CSR or not, support relevant causes for sustained business growth

SMEs don’t have to wait for mandatory CSR to support a cause. The image of a responsible business can go a long way—a small business needn’t stay small forever


Source Money Control –  SEPTEMBER 07, 2022 / 06:12 AM IST

India was the first country to make corporate social responsibility (CSR) mandatory for a certain set of companies. Though small businesses are not covered under the CSR mandate to set aside 2 percent of the net profit for such activities, some medium size companies could be.

It is always better to support social causes that one believes in for the long-term and sustained growth of businesses. Small and medium enterprises (SMEs) need not wait for a mandatory CSR to start building the image of a responsible business. After all, a small business needn’t stay small forever.


Pick the right cause

It is a good idea to partner with non-government organizations to back the right causes, which can be a win-win for all. If the right partner is selected, the result can be added revenue, increased media exposure, a positive image, or all three for both sides.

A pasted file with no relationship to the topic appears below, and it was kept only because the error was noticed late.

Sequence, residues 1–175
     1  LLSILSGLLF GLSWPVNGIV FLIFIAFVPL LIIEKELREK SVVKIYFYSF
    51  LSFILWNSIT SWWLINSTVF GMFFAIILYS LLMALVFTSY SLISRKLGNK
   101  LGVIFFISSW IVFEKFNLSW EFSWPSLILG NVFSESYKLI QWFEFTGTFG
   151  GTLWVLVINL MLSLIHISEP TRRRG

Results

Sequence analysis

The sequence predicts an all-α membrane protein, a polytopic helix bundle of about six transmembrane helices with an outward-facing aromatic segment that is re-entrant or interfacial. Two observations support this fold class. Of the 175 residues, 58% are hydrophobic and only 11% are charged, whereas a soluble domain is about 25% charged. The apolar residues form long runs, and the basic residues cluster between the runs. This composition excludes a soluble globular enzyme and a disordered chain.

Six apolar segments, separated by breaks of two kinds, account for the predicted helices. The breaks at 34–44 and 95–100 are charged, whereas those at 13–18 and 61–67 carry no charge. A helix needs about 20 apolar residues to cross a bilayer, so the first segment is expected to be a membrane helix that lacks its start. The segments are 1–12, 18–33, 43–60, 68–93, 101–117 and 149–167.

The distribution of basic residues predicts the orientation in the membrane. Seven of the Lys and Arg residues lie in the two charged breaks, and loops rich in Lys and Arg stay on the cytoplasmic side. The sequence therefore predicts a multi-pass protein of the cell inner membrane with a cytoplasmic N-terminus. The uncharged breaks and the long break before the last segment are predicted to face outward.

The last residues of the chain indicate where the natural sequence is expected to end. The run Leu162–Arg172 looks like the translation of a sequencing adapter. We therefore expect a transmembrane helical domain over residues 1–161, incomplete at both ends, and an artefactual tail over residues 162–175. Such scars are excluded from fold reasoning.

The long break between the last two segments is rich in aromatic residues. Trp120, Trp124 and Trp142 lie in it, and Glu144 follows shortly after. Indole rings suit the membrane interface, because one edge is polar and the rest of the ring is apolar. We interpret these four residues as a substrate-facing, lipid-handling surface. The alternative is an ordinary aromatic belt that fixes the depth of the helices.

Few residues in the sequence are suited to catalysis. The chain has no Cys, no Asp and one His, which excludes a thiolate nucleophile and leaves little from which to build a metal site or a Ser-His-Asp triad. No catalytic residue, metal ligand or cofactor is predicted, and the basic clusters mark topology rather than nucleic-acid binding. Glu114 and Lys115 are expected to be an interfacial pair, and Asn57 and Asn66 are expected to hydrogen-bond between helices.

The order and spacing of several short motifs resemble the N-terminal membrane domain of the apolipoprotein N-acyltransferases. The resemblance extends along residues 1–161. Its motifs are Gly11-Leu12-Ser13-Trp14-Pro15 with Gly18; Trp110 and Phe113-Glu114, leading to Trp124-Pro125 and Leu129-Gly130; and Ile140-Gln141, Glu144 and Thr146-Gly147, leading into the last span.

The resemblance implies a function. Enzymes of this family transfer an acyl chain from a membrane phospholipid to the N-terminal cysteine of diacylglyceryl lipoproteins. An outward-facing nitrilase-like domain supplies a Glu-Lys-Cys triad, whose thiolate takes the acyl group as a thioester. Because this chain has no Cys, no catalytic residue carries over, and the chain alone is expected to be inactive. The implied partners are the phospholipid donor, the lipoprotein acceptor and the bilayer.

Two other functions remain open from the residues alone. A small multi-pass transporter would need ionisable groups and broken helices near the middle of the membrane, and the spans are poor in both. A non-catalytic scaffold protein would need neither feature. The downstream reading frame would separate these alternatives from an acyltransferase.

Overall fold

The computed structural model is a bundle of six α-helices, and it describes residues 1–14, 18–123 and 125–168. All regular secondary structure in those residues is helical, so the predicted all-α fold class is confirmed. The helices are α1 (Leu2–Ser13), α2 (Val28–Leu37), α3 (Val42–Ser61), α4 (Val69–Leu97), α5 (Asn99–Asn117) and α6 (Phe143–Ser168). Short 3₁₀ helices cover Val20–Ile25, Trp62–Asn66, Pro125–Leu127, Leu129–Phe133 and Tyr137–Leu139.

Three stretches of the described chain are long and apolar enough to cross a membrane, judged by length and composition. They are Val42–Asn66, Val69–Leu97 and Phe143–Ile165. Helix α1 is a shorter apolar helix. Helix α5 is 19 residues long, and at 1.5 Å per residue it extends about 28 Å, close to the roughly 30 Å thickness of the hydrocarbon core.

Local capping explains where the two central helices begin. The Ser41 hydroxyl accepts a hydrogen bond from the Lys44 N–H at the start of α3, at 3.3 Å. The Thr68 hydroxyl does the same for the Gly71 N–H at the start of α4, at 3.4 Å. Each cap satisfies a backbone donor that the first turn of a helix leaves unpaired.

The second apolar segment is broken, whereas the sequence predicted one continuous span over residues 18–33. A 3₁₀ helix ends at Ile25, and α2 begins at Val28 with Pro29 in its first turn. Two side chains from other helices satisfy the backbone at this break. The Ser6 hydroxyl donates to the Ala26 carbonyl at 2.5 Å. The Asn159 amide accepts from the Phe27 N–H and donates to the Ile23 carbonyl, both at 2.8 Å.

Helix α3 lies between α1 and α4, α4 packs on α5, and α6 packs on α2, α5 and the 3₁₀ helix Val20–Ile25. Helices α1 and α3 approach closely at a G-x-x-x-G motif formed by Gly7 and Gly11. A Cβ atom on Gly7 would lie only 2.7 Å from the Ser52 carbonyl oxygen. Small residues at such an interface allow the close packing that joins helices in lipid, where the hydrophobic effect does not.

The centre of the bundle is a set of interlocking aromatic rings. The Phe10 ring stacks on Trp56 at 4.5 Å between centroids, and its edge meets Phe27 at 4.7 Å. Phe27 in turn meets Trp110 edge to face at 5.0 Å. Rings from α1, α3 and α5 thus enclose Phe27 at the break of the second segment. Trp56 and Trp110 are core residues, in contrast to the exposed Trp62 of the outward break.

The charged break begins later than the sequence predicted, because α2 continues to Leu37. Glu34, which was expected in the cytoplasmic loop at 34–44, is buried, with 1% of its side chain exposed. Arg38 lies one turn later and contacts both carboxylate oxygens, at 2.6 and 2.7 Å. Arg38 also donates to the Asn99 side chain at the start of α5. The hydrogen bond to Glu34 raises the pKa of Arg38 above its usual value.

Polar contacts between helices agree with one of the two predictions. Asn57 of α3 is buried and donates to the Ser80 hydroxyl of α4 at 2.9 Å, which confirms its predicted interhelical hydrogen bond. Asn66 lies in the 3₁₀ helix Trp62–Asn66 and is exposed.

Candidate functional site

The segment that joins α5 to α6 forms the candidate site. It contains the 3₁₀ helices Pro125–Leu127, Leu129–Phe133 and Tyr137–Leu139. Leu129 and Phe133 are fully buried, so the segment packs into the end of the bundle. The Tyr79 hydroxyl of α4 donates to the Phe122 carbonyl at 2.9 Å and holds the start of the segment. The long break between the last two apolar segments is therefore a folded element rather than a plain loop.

Instead of just donating money to an NGO, identify the causes to the business that has a natural affinity. Making roads cleaner will go well with an automotive ancillary business and instilling civic sense to prevent littering will be a natural fit for packaged goods or bottled water business.

These cause marketing initiatives and are different from philanthropy, which generally involves a specific donation. Cause marketing is more of a strategic marketing decision.


Giving back

Many SME promoters wonder why they should undertake such initiatives. They should want to give back to society is what I tell them.

The other reason could be to build their brand and business while doing social work. Maximizing shareholder value has backfired in many developed economies and this had prompted strategy gurus to advocate maximizing stakeholder value—society, suppliers, employees, and others linked to the business.

Long-term benefits can only come from developing areas in the business locality. Tata Steel’s work in Jamshedpur is a good example.


Cause with a difference 

 Most companies go by what the Leadership says. When selecting a cause, SMEs should check for strategic links. You cannot fund every good cause. Just as your strategy is to offer differentiated products or services, so should your CSR initiatives.